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Original Articles
Antimicrobial Resistance among Clinical Isolates of Pseudomonas aeruginosa fromNon-tertiary Care Hospitals in Korea, 2002-2004
Jeom Kyu Lee, Ph.D.1, Eui Suk Sohn1, Yong Sun Yoo1, Jae Il Yoo, Ph.D.1, Eun Hee Lee, M.D.2Kyung Ryul Lee, M.D.3, Yeong Seon Lee, Ph.D.1, and Bong Su Kim, Ph.D.1
1Division of Antimicrobial Resistant Pathogens, Department of Microbiology, National Institute of Health, Korea Center for Disease Control and Prevention, Seoul, Korea2Green Cross Reference Laboratory and Seoul Clinical Laboratories, Seoul, Korea3Seoul
Vol.38 Num.1 (p1~10)
Background:Increasing numbers of resistant and multidrug resistant (MDR) isolates of Pseudomonas aeruginosa have become a worldwide problem. This report provides the trend of antimicrobial resistance, the proportions of MDR and metallo-?-lactamase-producing isolates among clinical isolates of P. aeruginosa in Korea.
Materials and Methods:Clinical isolates of P. aeruginosa were collected from two representative reference laboratories during 2002-2004. Clinical information regarding specimens and type of hospital for isolates was investigated. Antimicrobial susceptibility against 11 antibiotics was tested by disk diffusion according to NCCLS criteria. MDR was assessed as resistance to ?3 of the core drugs (ceftazidime, ciprofloxacin, gentamicin, imipenem and piperacillin). PCR assays and sequencing for detection of blaVIM-2 and blaIMP-1 gene were carried out.
Results:Of 1,748 P. aeruginosa isolates, 179 isolates were collected from primary care hospitals and 1,569 isolates were recovered from outpatients and inpatients in secondary care hospitals. From 2002 to 2004, rates of resistance to ceftazidime and imipenem increased from 10% to 12.3% and from 14.8% to 15.9%, respectively. Rates of resistance to amikacin (from 26.2% to 31.0%) and ciprofloxacin (from 35.6% to 46.2%) increased annually. In the period 2002-2004, decreasing of susceptibility to meropenem (from 83.4% to 76.8%) was observed, but meropenem was the most potent agent against P. aeruginosa isolates studied. During the 3-year period, MDR P. aeruginosa accounted for 26.4-33.5% of clinical isolates and the most common MDR phenotype was concurrent resistance to piperacillin, gentamicin and ciprofloxacin. The prevalence of VIM-2-producing isolates obviously increased from 1.7% in 2002 to 6.3% in 2004.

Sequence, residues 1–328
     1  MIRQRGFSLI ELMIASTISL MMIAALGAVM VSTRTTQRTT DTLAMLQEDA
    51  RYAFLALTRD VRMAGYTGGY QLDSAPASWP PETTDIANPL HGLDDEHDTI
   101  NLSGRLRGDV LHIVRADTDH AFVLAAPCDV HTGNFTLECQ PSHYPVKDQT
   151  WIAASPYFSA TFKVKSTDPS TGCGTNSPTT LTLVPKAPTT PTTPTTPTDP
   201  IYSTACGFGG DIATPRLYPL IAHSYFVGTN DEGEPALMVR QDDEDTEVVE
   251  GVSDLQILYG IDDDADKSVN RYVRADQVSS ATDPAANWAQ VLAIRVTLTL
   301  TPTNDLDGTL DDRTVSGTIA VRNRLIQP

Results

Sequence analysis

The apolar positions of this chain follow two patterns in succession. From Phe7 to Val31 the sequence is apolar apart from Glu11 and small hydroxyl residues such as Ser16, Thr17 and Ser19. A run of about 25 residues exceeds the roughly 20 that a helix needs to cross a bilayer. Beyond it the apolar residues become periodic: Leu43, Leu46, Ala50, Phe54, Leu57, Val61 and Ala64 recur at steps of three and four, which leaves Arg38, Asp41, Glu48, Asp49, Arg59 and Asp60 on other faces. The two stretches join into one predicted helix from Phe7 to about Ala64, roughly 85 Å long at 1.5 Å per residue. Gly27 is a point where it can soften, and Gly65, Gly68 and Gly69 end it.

Conclusions:These results suggested that MDR P. aeruginosa was already prevalent in one third of clinical isolates and VIM-2-producing P. aeruginosa isolates disseminated in non-tertiary care hospitals in Korea.
Keywords : Pseudomonas aeruginosa, Antimicrobial resistance, Multidrug resistance, VIM-2